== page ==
Since you can use functions and formulas, the tool will allow you to determine grades without needing to sit down and work through the math – Sheets automates the process for you.
Gradebook is available as a template right there in Google Sheets.
Create Rubrics in Google Sheets
Transition your paper rubric to Sheets for lots of positives. For example, you can use conditional formatting to auto color code your layout, and have formulas embedded to auto score.
You can more easily pull out data from an individual student and then have that available to view or share with that student or their guardian. This is done easily enough by duplicating the master rubric tab for each student.
The platform also allows for easy duplication, should you want to use that rubric for another class or again for the following year.
Use Google Sheets as a Resource Point
Do it right and you can essentially organize an entire course into a single sheet. This could have assignments, reference books, and links to rich media such as videos, all in one sheet.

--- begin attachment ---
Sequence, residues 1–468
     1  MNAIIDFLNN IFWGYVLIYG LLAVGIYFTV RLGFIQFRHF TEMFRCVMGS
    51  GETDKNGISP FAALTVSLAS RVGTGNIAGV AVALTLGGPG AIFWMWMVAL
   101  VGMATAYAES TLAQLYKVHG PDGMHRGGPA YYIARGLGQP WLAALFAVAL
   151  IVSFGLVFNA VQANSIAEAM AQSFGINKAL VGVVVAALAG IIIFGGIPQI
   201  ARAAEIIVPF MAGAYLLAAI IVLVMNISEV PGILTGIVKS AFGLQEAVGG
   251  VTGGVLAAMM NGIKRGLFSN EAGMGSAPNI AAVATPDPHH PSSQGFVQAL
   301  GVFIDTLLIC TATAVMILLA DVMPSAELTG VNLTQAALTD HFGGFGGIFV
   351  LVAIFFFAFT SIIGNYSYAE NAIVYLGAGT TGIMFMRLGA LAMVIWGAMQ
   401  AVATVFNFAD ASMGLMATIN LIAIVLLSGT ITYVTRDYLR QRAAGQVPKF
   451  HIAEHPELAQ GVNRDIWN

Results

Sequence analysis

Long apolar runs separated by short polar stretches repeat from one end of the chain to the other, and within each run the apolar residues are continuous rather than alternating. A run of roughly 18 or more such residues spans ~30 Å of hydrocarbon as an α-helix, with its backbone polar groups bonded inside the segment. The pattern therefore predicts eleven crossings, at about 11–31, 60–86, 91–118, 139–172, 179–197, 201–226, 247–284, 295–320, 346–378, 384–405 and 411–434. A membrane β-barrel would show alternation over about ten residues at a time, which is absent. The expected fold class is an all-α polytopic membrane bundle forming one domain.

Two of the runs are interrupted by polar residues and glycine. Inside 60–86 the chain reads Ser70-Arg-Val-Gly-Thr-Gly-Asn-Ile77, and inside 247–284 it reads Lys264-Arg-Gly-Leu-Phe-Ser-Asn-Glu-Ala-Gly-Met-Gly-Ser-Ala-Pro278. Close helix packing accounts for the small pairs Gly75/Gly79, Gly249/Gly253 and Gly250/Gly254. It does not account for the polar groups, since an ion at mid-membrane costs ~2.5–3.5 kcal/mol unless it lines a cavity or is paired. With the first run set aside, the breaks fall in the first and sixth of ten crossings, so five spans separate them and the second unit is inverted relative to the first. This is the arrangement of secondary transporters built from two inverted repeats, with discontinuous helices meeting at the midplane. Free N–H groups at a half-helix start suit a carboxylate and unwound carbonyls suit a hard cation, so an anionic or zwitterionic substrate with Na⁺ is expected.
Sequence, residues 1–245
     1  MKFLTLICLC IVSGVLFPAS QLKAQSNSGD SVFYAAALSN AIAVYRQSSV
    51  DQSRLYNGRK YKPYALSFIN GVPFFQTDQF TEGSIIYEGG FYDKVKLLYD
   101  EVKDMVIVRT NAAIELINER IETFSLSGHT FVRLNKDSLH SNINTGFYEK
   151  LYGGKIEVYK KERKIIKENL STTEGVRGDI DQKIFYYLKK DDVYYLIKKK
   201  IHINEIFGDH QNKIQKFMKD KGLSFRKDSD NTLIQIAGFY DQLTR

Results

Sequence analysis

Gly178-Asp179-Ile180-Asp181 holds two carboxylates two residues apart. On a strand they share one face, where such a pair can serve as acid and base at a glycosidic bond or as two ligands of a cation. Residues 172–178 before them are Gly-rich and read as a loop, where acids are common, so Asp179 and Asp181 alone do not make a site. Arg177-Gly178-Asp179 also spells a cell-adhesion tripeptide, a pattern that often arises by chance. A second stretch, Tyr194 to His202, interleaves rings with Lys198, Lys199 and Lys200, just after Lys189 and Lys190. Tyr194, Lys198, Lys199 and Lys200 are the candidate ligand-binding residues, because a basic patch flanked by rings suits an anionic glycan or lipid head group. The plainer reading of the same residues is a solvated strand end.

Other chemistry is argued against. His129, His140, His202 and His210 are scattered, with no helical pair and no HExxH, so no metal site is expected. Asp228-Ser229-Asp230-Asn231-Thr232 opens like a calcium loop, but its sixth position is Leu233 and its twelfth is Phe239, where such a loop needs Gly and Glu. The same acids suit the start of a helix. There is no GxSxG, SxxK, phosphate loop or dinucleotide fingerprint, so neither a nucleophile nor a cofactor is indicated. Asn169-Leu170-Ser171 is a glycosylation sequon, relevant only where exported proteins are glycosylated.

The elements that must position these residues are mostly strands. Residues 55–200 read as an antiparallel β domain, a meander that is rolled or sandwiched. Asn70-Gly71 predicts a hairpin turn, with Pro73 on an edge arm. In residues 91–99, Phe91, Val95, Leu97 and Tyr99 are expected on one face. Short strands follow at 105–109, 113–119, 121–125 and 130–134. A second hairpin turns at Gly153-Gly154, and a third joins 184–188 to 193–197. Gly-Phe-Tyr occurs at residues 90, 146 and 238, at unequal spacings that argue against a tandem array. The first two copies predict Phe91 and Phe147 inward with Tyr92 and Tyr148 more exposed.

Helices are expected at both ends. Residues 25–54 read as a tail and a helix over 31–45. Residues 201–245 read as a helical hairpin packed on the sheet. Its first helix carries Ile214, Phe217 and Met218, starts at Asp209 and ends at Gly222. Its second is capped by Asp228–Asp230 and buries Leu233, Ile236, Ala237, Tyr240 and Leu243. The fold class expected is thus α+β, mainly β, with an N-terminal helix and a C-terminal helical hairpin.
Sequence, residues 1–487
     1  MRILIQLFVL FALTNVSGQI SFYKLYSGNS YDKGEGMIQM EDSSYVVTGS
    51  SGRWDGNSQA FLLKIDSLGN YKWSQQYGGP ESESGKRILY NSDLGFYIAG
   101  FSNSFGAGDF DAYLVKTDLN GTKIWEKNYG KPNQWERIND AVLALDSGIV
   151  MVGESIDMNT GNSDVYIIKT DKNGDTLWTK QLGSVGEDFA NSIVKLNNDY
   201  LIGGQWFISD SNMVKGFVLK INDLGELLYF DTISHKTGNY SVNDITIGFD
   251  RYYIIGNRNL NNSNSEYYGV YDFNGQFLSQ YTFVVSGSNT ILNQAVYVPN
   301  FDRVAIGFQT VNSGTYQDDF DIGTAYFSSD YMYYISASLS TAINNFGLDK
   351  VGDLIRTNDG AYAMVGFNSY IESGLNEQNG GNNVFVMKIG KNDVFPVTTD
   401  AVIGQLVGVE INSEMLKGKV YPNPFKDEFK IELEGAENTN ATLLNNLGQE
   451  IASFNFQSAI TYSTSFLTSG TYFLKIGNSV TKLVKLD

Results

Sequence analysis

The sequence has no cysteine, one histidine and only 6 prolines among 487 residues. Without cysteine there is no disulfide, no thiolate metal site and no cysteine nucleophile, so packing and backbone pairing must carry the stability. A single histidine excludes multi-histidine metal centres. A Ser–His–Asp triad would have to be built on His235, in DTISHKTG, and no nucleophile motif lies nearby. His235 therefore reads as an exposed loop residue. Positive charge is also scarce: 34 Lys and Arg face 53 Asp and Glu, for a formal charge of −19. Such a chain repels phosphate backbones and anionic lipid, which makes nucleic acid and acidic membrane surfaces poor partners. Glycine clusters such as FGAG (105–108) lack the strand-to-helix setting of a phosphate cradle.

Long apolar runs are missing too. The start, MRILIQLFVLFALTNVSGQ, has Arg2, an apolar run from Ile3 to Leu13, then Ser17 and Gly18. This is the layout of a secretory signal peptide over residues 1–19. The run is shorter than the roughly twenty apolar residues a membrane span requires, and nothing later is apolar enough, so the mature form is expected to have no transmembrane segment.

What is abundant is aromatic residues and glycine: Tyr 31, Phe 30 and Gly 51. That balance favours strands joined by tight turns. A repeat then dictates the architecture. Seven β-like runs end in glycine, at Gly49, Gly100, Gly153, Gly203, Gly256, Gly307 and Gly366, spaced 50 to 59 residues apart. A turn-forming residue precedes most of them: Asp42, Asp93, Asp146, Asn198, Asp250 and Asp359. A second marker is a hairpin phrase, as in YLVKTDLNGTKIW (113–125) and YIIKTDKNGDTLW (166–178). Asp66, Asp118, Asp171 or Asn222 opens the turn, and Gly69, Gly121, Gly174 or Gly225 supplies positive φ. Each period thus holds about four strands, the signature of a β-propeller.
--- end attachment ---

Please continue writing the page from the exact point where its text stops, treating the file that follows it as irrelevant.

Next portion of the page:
All you need to do is structure the sheet to look like a calendar with columns for date, unit, chapter, assignments, notes, slides, homework, and videos. All that should allow you to organize your work for the year in one place.
This is not only useful for organization for teachers but it's also great for students as a point of reference so they can see everything they need in one place. Of course, you can set this to "view only" so nobody can edit it, ensuring that it's secure and under your control.
Create Student Portfolios in Google Sheets
Google Sheets offers a fantastic way to create portfolios for all your students. This is a little more complicated as it integrates with Forms, but is worth doing. Students enter their information in Google Forms, which is then collated in a Sheets file for you to access and analyze from a single place.
This is a great way to have students give feedback on things such as goal achievements with the ability to upload supporting material, including files, images, and even videos.
Use Templates in Google Sheets
We've mentioned it previously, but if you've skipped ahead, it's worth repeating: Check out the templates!
Many are already available right there in Google Sheets, and are great for teachers with options for gradebooks, attendance sheets, schedules, and plenty more.